Golf thrives only in a culture of abundance where each player brings his/her own balls, bag, shoes, umbrella, raincoat, hats, cart, clubs and caddy. Soccer thrives in a scarce culture. All you need to do is to show up at the park with the clothes you have on. No equipment needed, only one ball shared by all players, and a “one for all and all for one” team spirit. But in America, there doesn’t seem to be any respect for a sport that doesn’t use hands or equipment.

LakeIn soccer you can literally use your head, but shouldn’t think so much in handling the ball. It’s better to rely on your instincts. In golf you can only use your head to hit this small ball straight on the fairway, every time. Trying to make that little ball go where you want, is one of the most deceptively simple tasks you will ever encounter.

Your relationship with other golfers isn’t quite clear. They aren’t your opponents but aren’t your teammates either. It all depends on what is going to happen on the golf course. Fellow golfers want to score higher than you, but while you play they also give advice on how to best improve your game.

As an Arab-American, getting on the golf course for the first time is a refreshing experience and a wonderful treat. On a typical day, people assume I’m the authority on all things Arab. They ask me tough questions about the Middle East, what ISIS is up to or why general Sisi is getting into the construction business and building a new capital for Egypt. On the golf course, I’m not seen as a hyphenated American. Golfers transcend race, color and ethnicity; the only thing we see is the color of the green. We are just men in a man’s world, no cultural sensitivity or diversity training required. I’m just another golfer – a bad golfer maybe, but never a bad Arab.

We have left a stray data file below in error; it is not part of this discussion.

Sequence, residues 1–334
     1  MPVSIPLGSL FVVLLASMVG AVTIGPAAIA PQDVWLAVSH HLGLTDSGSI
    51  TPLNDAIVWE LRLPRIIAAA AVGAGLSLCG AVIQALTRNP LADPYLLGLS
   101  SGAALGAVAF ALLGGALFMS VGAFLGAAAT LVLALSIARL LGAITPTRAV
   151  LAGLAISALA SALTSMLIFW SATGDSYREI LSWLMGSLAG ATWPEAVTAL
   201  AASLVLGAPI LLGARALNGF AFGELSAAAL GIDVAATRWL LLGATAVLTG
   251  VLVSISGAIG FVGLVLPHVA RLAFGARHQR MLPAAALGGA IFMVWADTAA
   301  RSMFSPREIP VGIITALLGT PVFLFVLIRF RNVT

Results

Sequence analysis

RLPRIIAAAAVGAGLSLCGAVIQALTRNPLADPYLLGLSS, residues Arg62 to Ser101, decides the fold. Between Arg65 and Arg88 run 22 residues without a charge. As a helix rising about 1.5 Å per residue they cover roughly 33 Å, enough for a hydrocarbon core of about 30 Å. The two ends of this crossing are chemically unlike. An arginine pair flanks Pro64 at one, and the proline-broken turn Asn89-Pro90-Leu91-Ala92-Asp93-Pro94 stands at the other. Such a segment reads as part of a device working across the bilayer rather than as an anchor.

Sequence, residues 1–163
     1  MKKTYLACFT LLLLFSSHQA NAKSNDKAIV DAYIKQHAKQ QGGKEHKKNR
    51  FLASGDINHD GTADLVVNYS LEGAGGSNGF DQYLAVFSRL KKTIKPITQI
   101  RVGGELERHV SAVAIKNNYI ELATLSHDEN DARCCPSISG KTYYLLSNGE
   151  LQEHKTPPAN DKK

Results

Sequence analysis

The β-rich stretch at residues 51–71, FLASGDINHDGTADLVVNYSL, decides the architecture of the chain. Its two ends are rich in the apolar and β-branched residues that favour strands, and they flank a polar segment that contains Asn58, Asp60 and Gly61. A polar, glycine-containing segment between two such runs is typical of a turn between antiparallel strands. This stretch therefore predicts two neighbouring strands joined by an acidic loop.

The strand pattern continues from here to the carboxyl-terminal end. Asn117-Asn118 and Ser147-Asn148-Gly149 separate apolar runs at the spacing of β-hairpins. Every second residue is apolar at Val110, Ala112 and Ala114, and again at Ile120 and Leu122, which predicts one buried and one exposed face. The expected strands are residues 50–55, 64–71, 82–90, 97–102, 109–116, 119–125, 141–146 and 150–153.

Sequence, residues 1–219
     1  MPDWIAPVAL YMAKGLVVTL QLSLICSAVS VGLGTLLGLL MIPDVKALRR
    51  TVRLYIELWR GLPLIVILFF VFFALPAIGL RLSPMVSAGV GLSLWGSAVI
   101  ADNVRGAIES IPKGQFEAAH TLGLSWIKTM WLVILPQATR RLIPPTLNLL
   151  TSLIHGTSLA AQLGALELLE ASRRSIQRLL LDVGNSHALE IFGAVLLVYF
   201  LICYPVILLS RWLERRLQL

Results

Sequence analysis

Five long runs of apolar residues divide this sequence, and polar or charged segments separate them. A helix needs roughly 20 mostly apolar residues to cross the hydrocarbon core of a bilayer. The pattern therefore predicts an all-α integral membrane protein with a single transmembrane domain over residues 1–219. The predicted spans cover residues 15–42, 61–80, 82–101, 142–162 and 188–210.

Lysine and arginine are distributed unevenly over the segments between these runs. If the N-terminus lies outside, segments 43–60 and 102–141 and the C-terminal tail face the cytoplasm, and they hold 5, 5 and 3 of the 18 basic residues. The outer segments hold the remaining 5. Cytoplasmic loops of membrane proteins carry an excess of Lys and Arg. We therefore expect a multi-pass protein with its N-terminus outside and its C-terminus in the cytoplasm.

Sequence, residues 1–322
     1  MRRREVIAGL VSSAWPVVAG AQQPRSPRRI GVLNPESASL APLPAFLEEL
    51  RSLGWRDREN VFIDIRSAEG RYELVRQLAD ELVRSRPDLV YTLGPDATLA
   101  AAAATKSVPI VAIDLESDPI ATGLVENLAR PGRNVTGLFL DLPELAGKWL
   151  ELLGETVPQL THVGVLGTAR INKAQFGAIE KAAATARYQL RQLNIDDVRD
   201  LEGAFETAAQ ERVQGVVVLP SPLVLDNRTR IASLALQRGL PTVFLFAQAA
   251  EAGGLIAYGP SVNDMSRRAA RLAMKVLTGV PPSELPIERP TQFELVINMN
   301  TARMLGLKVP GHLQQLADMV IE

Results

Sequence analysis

Golf courseOne of the golf courses in town is surrounded by big houses. My crooked tee shot went straight to the high voltage tower and made a very loud noise! I told my American friend (a former public prosecutors), “I hope you don’t think that shot was a terrorist attack.” He gave me another ball to hit.

Our human energy is consumed with hitting this small ball. The exhilaration of smashing this ball onto the fairway overwhelms our bias, racism and ethnocentric behavior.

For a long time I had subscribed to the notion that golf is played by old men wearing ugly pants. Now, golf is played by young men with “nice pants.”

the tunnelGolfing is a mental relaxation exercise, where your cognitive process is taken over by your instincts to stay the course. This is a quite a treat for an Arab-American who had been consumed by the never-ending political wrangling of biblical proportion, years of jihad over the fate of the holy land. In golf the only holy land that I care about is the golf course. This is the only jihad I have and I’m the only one who can do anything about it. Golf anyone?



Ahmed Tharwat
Arab American TV show, Belahdan
“A show with accent for those without one”
Ahmed blogs at “Notes From America”